Locked Out of Heaven

By Emily Chai

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It was not so much of a word to describe the dawn of life but retirement for my grandfather. A retirement from pain. To him, pain is when the muscles start to eat away in itself until the bones begin to surface, when the body swells with waste until death wrings out the final drop of life, when he is forced to go through all of this as his body lies hopelessly on the hospital bed every single day, every minute, and every second. On January 15, he passed away while we were still on the way to say goodbye.

Would it be different if physician-assisted death had broken out of its stigma? Few places in the world, such as Belgium and parts of the U.S., have legalized the practice. Many are skeptical of its morality, leading to questions such as: will this practice stretch out of proportion if it were to branch into further aspects, such as mental health? As Richard Doerflinger, the Associate Director of Pro-Life Activities, comments, “Campaigning to end certain people’s lives doesn’t end suffering – it passes on the suffering to other similar people, who now have to fear they are the next people in line to be seen as having worthless lives.”

However, my question is, should we ignore the fact that these people, as a part of our community, are being tormented by the incessant pain that wrenches them and their family both physically and mentally, knowing full well that they do not have the ability to cease it?

It seems to be that people are forcing upon the term “assisted suicide,” that the availability of physician-assisted death poses as an urge for people to deem their lives to be, as Doerflinger says, worthless. To break it down, suicide refers to the commitment of taking one’s own life, commonly as a result of psychological repercussions. What draws a line between assisted suicide and assisted death lies in its characteristics. Suicide holds potential for life. Assisted death does not.

What I mean by this is that the majority of the patients, about 87%, had already been afflicted with a terminal illness in some form. Those who are diagnosed with terminal illnesses are forced to confront death. While the pressure of becoming a burden to others may come across at some stage in the patients’ minds, it all still comes down to it – death. Many, if not most, would acknowledge the fear of death. Death lingers on the other side of the tattered bridge as its laughter haunts our minds.  For those who’ve chosen to cross the bridge, their suffering stands far beyond their fear of death. Don’t let them become a prey of their own death, let them yield their own choices.

The rate of assisted death has risen significantly over the past few years. It is nonetheless that the awareness over this controversy has reverberated against the ticking of time as well. For more people to undertake the practice with greater awareness means acceptance. Acceptance does not simply show recognition. No. It voices out their needs, their demand, and their rights. Shouldn’t people have the right to die the same way they have the right to live?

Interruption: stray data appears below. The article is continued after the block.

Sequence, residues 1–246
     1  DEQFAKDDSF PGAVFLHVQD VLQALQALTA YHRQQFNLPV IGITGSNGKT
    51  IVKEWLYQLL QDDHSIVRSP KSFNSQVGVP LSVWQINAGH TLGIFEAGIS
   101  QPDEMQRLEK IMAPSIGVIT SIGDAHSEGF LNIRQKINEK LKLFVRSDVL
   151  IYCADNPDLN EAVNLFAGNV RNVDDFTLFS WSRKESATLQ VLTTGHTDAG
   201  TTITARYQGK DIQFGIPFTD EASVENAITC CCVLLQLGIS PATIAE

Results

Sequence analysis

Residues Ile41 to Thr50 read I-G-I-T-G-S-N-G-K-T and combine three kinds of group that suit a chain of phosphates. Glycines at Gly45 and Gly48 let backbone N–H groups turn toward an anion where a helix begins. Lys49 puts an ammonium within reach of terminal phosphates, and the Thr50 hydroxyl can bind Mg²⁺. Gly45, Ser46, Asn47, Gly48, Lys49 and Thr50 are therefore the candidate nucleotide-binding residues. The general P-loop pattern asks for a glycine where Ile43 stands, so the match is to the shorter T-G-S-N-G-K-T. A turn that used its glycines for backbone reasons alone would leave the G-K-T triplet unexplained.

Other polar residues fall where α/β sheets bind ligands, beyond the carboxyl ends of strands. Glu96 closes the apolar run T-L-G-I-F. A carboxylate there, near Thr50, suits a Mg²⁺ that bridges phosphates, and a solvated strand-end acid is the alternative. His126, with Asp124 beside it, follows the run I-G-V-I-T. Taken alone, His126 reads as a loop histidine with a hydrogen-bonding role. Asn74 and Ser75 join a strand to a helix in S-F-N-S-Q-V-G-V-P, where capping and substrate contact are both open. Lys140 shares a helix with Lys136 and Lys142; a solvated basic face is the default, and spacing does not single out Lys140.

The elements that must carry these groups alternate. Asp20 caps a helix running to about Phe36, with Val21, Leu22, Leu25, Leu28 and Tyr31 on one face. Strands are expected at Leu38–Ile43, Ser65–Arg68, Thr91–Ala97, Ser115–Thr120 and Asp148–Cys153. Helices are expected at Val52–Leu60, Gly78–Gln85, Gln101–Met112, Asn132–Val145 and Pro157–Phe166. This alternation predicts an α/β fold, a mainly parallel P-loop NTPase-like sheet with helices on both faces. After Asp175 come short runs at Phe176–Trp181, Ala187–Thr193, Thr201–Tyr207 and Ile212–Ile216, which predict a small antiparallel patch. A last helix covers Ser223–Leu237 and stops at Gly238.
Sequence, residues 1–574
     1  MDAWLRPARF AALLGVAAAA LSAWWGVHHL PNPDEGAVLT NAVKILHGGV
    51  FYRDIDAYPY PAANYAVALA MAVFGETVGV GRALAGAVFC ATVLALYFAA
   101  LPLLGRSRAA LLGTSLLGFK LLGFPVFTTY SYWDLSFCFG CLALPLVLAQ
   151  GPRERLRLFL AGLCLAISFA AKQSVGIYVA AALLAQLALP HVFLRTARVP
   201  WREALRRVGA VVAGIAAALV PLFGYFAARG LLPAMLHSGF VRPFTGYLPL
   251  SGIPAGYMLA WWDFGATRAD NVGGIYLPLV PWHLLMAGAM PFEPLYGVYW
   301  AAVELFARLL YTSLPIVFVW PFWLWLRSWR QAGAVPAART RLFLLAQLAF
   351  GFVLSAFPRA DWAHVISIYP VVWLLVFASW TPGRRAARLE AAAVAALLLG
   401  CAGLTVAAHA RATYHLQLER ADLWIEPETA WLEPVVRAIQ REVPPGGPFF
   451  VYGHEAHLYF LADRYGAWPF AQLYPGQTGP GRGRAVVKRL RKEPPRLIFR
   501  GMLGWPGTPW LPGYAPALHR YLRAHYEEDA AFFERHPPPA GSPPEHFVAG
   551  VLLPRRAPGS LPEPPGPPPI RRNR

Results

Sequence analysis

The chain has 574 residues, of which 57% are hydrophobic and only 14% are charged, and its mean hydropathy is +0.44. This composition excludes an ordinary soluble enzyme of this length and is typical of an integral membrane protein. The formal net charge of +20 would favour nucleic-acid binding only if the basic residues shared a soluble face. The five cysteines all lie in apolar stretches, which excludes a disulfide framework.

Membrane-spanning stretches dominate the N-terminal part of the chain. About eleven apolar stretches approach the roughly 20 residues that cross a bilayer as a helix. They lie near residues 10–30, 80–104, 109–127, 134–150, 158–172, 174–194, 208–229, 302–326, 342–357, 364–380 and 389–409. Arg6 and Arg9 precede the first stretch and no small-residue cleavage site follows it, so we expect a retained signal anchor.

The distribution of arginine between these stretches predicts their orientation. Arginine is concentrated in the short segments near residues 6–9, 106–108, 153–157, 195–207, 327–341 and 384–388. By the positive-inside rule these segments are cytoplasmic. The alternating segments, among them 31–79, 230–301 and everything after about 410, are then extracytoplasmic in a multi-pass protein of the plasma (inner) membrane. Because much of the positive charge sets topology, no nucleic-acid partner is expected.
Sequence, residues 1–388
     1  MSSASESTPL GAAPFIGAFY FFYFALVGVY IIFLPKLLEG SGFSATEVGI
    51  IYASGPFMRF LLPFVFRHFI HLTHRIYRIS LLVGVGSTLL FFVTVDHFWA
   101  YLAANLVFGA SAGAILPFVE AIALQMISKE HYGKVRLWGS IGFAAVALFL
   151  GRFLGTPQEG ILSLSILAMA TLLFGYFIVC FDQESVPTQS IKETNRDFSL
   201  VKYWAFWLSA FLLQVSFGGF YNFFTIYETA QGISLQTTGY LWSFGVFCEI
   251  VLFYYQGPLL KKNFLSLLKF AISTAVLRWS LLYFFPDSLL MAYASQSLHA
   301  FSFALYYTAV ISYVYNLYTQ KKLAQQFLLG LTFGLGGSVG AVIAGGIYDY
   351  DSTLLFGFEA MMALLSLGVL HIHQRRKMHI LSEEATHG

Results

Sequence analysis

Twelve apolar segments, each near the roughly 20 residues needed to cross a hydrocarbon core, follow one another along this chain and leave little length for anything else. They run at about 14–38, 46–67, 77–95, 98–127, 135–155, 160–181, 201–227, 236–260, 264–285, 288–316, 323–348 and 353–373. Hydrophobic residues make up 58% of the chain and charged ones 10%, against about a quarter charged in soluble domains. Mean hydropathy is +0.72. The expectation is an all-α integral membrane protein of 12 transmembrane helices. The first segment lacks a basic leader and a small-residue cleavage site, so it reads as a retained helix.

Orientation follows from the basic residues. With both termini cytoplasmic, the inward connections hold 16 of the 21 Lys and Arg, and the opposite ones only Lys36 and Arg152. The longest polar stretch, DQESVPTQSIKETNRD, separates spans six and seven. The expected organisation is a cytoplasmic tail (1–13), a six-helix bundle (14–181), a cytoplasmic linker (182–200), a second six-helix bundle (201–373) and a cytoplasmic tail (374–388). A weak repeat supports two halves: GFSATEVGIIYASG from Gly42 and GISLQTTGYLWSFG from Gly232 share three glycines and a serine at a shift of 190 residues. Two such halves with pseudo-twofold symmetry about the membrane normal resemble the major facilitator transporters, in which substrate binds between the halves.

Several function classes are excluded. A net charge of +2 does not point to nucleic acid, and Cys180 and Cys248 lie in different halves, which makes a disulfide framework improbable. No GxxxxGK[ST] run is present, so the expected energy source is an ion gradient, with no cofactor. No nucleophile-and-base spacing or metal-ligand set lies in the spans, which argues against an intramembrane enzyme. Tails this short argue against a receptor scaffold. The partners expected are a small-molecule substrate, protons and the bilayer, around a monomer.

Death is inevitable. We must recognize that there are people who are vulnerable under their own infliction of pain and suffering, who are wary of their own death, who are what we will be. Imagine in the next 50 years, when we take their place on the hospital beds. We can do nothing to alleviate our illnesses. But there is one thing that we have the ability to grant for ourselves, and are obliged to do so in that sense, that is, our right to die. Would things be different if we were all given the chance to say our last goodbyes?


Works Cited

  1. “Assisted Suicide.” Opposing Viewpoints Online Collection, Gale, 2018. Opposing Viewpoints in Context, http://link.galegroup.com/apps/doc/PC3010999159/OVIC?u=60iskl&sid=OVIC&xid=4e6d1fab. Accessed 28 Mar. 2019.
  2. “Canadian Association of Retired Persons.” Canadian Association of Retired Persons, 31 July 2015, www.carp.ca/2015/08/14/federal-government-takes-action-of-physician-assisted-dying/. Accessed 27 Mar. 2019.
  3. “Does the Slippery Slope Exist?” Road to Mercy, Road to Mercy, 2 Sept. 2016, http://roadtomercyfilm.com/news/2016/8/26/does-the-slippery-slope-exist. Accessed 27 Mar. 2019.
  4. “Largest Ever Poll on Assisted Dying Shows 82% of Public Support Lord Falconer’s Proposed Change in the Law.” Dignity in Dying, Dignity in Dying, 4 Apr. 2015, www.dignityindying.org.uk/news/poll-assisted-dying/. Accessed 29 Mar. 2019.
  5. “Let People Have Right to Die When They Choose | Letters.” The Guardian, Guardian News and Media, 29 Mar. 2019, www.theguardian.com/society/2019/mar/29/people-must-have-right-to-die-when-they-choose. Accessed 30 Mar. 2019.
  6. Piili, Reetta P., et al. “Changes in attitudes towards hastened death among Finnish physicians over the past sixteen years.” BMC Medical Ethics, vol. 19, no. 1, 2018. Opposing Viewpoints in Context, http://link.galegroup.com/apps/doc/A546360389/OVIC?u=60iskl&sid=OVIC&xid=13aa80ca. Accessed 28 Mar. 2019.
  7. Simmons, Kevin M. “Suicide and Death with Dignity.” Journal of Law and the Biosciences, Oxford University Press, 15 May 2018, www.ncbi.nlm.nih.gov/pmc/articles/PMC6121057/Accessed 29 Mar. 2019.